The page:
defining one or more variables for the one or more problem instances; or
assigning the one or more variables a predetermined value extracted from a user profile, a configuration file, and historical data associated with prior problem instances.
6. The method of claim 1, further including:
defining one or more dependencies between the one or more variables; or
adding, deleting, or updating one or more domains of the multiple domains.
7. The method of claim 1, further including customizing an interface of the dialog system according to the learning.
8. A system, for using a dialog system for integrating multiple domain learning and problem solving in a computing environment, comprising:
one or more processors with executable instructions that when executed cause the system to:
execute machine learning logic to generate a decision model, wherein the decision model is trained, in a first training stage, to define one or more problem instances for one or more selected domains in a multi-domain database according to a problem instance template, identified user intent, links to one or more problem solvers associated with the one or more selected domains, or a combination thereof;
determine a dialog plan for the one or more problem instances using a dialog system associated with the multi-domain database, wherein each record in the multi-domain database corresponds to a selected database for the one or more selected domains, and wherein determining the dialog plan includes identifying a modeling cost-to-cognitive load sensitivity ratio of candidate solutions identified for the one or more problem instances, the modeling cost-to-cognitive load sensitivity ratio taking into consideration utility details of respective solutions of the candidate solutions correspondent to an overall cost of the respective solutions based on weights identified as preferable to the user;
provide a solution to the user for the one or more problem instances; and
learn one or more preferences of a user according to the solution.
9. The system of claim 8, wherein learning one or more preferences of a user according to the solution further executes the machine learning logic to learn preferences of one or more variables associated with a domain.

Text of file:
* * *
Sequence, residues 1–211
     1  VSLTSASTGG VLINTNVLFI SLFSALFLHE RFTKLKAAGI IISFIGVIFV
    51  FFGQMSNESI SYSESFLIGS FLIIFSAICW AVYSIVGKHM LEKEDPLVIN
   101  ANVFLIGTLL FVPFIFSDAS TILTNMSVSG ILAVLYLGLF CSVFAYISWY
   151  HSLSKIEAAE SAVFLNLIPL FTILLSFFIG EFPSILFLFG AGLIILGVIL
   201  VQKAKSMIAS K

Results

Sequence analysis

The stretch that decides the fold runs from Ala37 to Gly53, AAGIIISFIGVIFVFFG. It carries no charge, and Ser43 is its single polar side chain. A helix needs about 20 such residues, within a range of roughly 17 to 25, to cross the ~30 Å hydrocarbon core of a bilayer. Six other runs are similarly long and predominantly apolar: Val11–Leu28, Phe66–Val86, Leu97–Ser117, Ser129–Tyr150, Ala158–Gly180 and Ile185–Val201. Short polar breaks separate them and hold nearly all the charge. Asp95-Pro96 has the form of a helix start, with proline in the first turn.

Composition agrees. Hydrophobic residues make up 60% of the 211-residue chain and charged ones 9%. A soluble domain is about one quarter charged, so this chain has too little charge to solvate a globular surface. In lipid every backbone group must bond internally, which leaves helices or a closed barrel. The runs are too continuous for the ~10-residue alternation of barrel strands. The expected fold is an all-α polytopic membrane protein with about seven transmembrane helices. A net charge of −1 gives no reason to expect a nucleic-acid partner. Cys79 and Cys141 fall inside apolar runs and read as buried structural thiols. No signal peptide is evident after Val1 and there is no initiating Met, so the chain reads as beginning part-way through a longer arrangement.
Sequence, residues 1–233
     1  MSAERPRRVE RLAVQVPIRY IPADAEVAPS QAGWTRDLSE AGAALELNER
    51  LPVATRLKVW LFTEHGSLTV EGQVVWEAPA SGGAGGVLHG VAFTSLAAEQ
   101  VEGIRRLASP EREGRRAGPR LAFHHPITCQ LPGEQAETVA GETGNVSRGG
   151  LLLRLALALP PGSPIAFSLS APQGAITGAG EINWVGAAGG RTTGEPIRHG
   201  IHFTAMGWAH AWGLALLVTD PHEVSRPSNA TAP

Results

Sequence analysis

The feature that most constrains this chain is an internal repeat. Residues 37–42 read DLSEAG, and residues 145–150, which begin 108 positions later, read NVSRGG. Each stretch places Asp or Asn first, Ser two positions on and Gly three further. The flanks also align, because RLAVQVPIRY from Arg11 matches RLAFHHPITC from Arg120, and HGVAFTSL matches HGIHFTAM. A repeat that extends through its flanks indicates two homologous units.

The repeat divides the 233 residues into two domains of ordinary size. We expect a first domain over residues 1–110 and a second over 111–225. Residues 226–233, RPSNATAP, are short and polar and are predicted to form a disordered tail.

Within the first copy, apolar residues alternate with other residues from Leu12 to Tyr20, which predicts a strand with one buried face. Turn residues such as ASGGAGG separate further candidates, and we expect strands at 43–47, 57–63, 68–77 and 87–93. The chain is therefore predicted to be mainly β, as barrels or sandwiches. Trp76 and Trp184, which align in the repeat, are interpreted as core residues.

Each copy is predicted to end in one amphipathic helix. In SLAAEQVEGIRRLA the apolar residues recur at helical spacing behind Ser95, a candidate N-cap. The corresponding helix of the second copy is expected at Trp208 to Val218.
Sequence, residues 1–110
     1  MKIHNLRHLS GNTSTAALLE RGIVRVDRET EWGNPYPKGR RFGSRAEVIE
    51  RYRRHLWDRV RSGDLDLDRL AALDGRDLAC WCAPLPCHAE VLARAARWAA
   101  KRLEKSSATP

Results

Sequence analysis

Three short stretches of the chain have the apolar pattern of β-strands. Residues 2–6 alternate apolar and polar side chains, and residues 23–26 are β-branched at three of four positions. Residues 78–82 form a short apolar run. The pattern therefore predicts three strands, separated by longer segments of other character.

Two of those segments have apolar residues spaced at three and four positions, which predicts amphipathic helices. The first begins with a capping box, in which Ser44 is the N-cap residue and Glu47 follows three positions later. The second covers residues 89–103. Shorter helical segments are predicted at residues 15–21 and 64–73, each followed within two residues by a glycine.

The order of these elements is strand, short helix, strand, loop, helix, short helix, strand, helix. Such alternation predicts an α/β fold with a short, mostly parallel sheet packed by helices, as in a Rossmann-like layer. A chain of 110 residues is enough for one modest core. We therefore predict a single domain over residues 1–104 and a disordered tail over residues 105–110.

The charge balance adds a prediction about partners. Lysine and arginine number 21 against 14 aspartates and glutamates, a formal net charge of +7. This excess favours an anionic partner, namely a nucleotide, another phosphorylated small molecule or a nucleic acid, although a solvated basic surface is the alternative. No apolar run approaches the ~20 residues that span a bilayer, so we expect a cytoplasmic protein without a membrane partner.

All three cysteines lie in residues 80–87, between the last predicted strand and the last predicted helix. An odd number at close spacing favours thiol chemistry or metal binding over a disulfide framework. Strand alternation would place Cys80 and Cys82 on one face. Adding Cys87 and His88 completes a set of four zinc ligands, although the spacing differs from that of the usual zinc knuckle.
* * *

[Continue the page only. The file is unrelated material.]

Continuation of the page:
10. The system of claim 8, wherein learning one or more preferences of a user according to the solution further executes the machine learning logic to learn preferences of user interface (UI) elements associated with a domain.
11. The system of claim 8, wherein learning one or more preferences of a user according to the solution further executes the machine learning logic to learn preferences over a selected period of time.
12. The system of claim 11, wherein the executable instructions further:
define one or more variables for the one or more problem instances; or
assign the one or more variables a predetermined value extracted from a user profile, a configuration file, and historical data associated with prior problem instances.
13. The system of claim 11, wherein the executable instructions further:
define one or more dependencies between the one or more variables; or
add, delete, or update one or more domains of the multiple domains.
14. The system of claim 11, wherein the executable instructions further customize an interface of the dialog system according to the learning.
15. A computer program product for, by one or more processors, using a dialog system for integrating multiple domain learning and problem solving in a computing environment, the computer program product comprising a non-transitory computer-readable storage medium having computer-readable program code portions stored therein, the computer-readable program code portions comprising: